Government agencies like the National Science Foundation invest millions of taxpayer dollars into scientific research every year. But taxpayers can't access any of the results of this research unless they pay thousands of dollars to buy academic journals. The Fair Access to Science & Technology Research (FASTR) Act would fix this, making tax-funded research available to the public. Tell Congress to support open access to knowledge by sending a note to your elected representative now.
Many schools have associated nonprofit publishing bodies known as university presses. This gives students and universities a unique, powerful role to play in pushing for open access reform like the FASTR Act. Here's what you can do to get your university to support access to knowledge.
Facebook has announced that it's teaming up with four of the world's largest corporate data brokers to "enhance" the ad experience for users. In practical terms, this means that limiting how much information you put on Facebook is not enough to limit how ads are targeted to you on Facebook. Your interests, age, shopping history (including offline), web browsing, location, and much more could be stored by these data brokers and utilized to market to you – even if you've been careful not to share this type of information with Facebook. Check out EFF's guide to opting out.
The White House has come out in support of legalizing the unlocking of cell phones for use on different carriers, saying it makes "common sense." The White House is correct: the failure to protect phone unlockers from legal threats was misguided. But the more important problem is that the DMCA puts an unelected official in charge of regulating personal devices in the first place. What really rubs against the grain of common sense is the premise, set forth in DMCA's section 1201, that the Librarian of Congress should have to temporarily whitelist certain uses every three years.
In an unprecedented win for transparency, Google began publishing generalized information about the number of National Security Letters that the company received in the past year as well as the total number of user accounts affected by those requests.
In a recent Senate Judiciary Committee hearing, Senator Cornyn asked Attorney General Holder about the prosecution of late digital rights activist Aaron Swartz. Unsurprisingly, the Attorney General denied any prosecutorial misconduct but, at the behest of Senator Leahy, did promise to look into the aggressive use of the Computer Fraud and Abuse Act (CFAA)—one of the laws used to prosecute Aaron.
We've long criticized the vague language of the Cyber Intelligence Sharing and Protection Act(CISPA). One particularly dangerous provision, designed to enable corporations to obtain and share information, is drafted broadly enough to go beyond just companies, creating a government access loophole.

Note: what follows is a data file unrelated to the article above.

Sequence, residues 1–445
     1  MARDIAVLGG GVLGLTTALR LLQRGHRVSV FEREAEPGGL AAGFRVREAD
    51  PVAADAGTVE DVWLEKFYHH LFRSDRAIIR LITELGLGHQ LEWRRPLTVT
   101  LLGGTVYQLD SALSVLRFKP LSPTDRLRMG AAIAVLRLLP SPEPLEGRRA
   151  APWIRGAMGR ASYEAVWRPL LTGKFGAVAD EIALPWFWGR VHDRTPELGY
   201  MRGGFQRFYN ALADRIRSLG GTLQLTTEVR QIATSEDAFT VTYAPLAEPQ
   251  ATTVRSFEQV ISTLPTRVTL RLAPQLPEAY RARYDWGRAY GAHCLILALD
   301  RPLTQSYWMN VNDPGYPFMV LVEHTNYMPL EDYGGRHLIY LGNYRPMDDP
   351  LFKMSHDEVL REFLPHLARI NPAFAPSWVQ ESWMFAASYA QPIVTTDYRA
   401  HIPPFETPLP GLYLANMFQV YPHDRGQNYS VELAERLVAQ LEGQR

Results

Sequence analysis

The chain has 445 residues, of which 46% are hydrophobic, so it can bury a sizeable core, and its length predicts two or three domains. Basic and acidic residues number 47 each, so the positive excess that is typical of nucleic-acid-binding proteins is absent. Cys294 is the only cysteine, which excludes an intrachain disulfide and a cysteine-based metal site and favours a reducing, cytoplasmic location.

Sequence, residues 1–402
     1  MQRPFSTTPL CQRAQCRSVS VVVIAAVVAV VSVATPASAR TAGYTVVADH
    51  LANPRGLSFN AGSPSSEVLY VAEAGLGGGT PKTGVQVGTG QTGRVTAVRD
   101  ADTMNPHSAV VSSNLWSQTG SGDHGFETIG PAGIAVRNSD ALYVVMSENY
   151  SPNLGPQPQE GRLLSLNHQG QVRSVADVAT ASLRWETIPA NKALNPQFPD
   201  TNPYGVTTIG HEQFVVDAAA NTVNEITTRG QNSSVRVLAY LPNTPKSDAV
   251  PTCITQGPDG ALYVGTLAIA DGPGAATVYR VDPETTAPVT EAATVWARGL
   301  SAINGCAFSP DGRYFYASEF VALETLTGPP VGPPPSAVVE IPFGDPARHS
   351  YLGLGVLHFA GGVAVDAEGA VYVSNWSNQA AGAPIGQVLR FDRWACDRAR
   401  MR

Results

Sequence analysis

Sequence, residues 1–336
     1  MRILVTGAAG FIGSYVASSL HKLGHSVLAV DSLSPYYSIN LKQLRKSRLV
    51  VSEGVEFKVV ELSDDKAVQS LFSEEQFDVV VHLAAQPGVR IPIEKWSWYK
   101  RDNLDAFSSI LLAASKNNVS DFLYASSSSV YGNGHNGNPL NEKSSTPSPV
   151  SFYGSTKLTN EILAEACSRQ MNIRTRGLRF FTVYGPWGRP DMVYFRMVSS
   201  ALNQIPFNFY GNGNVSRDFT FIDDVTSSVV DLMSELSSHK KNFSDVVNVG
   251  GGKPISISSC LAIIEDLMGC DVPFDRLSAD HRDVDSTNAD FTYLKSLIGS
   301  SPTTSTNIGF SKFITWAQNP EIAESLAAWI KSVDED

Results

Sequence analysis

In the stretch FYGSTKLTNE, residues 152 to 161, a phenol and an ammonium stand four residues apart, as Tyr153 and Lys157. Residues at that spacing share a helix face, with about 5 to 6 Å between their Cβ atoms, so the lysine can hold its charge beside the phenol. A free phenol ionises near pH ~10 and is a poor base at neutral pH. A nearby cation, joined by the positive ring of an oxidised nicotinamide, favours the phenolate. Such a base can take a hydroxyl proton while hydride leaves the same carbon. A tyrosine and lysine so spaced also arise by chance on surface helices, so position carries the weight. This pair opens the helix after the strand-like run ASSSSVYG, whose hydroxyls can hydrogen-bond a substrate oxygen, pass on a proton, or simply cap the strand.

The 16th round of negotiations over the Trans-Pacific Partnership agreement (TPP) began in Singapore, where trade delegates and private stakeholders from 11 participating countries gather to discuss this the contours of Pacific trade. EFF and many others are deeply concerned about TPP, because it may contain an intellectual property chapter that would ratchet up enforcement at the expense of digital rights.
The Supreme Court recently heard oral argument in Maryland v. King, a case considering the constitutionality of warrantless DNA collection from arrestees. One idea that surfaced in these oral arguments—that technological advances making DNA analysis faster means warrantless collection may be OK—should leave you worried about the fate of privacy going forward in the digital age.
Some 28 states are weighing legislation addressing the issue of employers demanding user names and passwords for social media accounts as a contingency for employment. But the proposed laws vary greatly in whether they would effectively safeguard the privacy of employees.
A group of investigators from Chinese magazine Caixin recently uncovered the activities of Beijing's "dark PR" agencies, which take money from private companies to bribe Internet censors to delete unfavorable commentary on Chinese forums and microblogging sites, using the infrastructure that the Chinese authorities have built for political censorship.
Join a grassroots campaign to fix the anti-circumvention provision of the Digital Millennium Copyright Act (section 1201).
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Technology Projects Director Peter Eckersley will give an overview of several of EFF's tech projects to encrypt the web - including HTTPS Everywhere, the SSL Observatory, Sovereign Keys, and efforts to persuade major sites to deploy HTTPS. This event is hosted by Stanford University and is open to the public. March 11, 2013
Hosted by Santa Clara Law's High Tech Law Institute, this conference will look at the past, present, and future of the Digital Millennium Copyright Act (DMCA). Intellectual Property Director Corynne McSherry and Senior Staff Attorney Marcia Hofmann will speak. March 15, 2013
Santa Clara, CA
CryptoParty is a worldwide series of events aimed at spreading information and know-how about privacy, security, and encryption tools. It exists to empower beginners and more advanced cypherpunks alike. March 23, 2013
San Francisco, CA
Free Press's 2013 will include panels by EFF activists Rainey Reitman, Trevor Timm, and Adi Kamdar. This conference brings together journalists, activists, artists, and media reformers of all walks together to celebrate the future of media.
Get a 10% discount on registration using the code: EFF_NCMR April 5-8, 2012